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Young Torontonians offer their city some constructive criticism

A new study shows Toronto’s Gen Y'ers and employers think the cityfalls short in comparison to other world and Canadian cities on issueslike immigration, innovation and employment, even though most thinkit’s still a good place to live.

A new study shows Toronto’s Gen Y'ers and employers think the city falls short in comparison to other world and Canadian cities on issues like immigration, innovation and employment, even though most think it’s still a good place to live.


The Toronto Next report, conducted by Leger Marketing and commissioned by George Brown College, surveyed Gen Y'ers aged 18-35 and hiring managers of companies with at least five employees and found that while the city scores high marks for its multiculturalism, it drops the ball in areas like affordability, innovation and integrating immigrants into the workforce.


Only 18 per cent of Gen Y'ers and 25 per cent of employers surveyed felt Toronto was an affordable city to live and do business in, while only 28 per cent of Gen Y'ers and 35 per cent of employers felt the city was an environmentally friendly place compared to other Canadian cities. Less than half of all respondents felt the city is a thriving place for science and technology with roughly the same number feeling Toronto doesn’t provide strong employment opportunities to immigrants.


On comparisons to world cities, Gen Y'ers and employers held very similar views, with generally one-third or less of each group feeling Toronto is better than other world cities at being environmentally friendly, fostering innovation ensuring a highly skilled workforce.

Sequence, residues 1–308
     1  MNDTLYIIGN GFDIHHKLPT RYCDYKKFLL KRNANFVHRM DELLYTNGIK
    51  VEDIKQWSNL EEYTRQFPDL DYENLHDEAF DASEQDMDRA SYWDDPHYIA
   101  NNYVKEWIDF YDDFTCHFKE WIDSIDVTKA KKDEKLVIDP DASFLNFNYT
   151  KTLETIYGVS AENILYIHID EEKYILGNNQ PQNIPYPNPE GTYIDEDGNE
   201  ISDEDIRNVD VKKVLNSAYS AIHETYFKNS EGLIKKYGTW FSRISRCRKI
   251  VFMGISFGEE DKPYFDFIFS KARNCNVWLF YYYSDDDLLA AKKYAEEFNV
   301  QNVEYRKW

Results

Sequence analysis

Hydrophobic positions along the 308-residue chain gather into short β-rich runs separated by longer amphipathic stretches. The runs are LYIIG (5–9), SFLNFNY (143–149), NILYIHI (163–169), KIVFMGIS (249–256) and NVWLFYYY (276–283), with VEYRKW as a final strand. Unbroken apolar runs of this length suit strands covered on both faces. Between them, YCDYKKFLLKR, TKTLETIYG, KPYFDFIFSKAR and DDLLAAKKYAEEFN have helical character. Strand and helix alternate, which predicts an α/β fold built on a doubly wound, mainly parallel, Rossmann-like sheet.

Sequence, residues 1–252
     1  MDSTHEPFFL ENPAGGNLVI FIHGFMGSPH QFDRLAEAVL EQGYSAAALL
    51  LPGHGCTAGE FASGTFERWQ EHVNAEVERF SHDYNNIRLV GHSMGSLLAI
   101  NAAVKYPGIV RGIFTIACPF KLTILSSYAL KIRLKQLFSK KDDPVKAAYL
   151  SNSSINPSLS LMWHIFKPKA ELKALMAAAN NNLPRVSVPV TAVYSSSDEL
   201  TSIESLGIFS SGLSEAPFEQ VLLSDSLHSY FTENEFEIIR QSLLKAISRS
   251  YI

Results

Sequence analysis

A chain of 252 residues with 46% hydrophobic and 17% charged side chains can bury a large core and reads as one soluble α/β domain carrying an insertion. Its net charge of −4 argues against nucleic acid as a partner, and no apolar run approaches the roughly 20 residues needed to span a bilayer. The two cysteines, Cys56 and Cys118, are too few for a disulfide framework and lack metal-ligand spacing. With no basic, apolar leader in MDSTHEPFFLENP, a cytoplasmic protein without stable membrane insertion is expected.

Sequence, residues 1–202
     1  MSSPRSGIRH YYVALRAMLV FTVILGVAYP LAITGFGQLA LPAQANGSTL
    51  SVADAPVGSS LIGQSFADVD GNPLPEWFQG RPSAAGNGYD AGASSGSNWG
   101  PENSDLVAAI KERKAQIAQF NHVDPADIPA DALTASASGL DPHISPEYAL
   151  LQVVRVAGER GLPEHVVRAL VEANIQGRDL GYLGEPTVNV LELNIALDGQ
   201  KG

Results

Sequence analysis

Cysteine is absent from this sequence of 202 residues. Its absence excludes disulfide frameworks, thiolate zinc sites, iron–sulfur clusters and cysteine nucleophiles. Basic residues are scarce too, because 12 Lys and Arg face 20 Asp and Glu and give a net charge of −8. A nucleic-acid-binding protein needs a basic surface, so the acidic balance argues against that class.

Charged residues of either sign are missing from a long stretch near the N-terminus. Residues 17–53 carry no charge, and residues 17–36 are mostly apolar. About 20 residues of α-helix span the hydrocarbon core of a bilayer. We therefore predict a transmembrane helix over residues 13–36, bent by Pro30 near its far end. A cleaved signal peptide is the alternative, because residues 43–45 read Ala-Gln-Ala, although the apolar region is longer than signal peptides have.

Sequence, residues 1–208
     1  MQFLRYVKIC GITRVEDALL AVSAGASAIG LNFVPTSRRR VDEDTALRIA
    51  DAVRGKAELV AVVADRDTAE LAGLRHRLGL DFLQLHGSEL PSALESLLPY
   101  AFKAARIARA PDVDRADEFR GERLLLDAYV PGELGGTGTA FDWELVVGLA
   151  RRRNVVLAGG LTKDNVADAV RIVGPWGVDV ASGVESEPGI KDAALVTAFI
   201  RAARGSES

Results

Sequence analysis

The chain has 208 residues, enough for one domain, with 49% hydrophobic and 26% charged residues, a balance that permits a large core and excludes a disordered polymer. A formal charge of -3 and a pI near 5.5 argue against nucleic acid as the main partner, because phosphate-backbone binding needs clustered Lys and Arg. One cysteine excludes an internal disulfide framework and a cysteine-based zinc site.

Eighty-two per cent of employers felt the city needs to better integrate immigrants to fill gaps and shortages in Toronto’s work force, compared to 68 per cent of Gen Y'ers on the same issue.


George Brown College president Anne Sado says the results show Torontonians want to see more diversity in their workforce, a good thing since immigration is still such a key component of Toronto’s growing economy.


“A key concern that (respondents) noted is that we’re not doing as good a job as we need to do in integrating immigrants into the workforce. We’re going to need to rely on that immigrant population to advance our economy and have a positive and economically healthy city in the future,” Sado said.


There is good news, however: While generally less than 10 per cent of respondents said they felt Toronto deals very successfully with any single issue such as unemployment, shortage of skilled labour and post-secondary training for new jobs, the vast majority of Gen Y'ers (86 per cent) and employers (73 per cent) said they believe Toronto is overall a good place to live and do business respectively. In addition, 54 per cent of Gen Y'ers feel Toronto is a safer place to live than other world cities, and another 47 per cent felt it is better for raising a family.


As for respondents’ biggest gripes about the city, Gen Y'ers rated poor or underfunded public transit and traffic congestion as Toronto’s worst and third-worst qualities (rated fifth- and second-worst among employers) while both employers and Gen Y'ers rated Toronto’s cost of living and taxes as first- and second-worst respectively.


Sado says the study speaks loudly that Torontonians are thinking critically about their city.


“I really fundamentally believe there’s a lot of positives about Toronto but what the study shows us is we can do a lot better,” Sado said.

 
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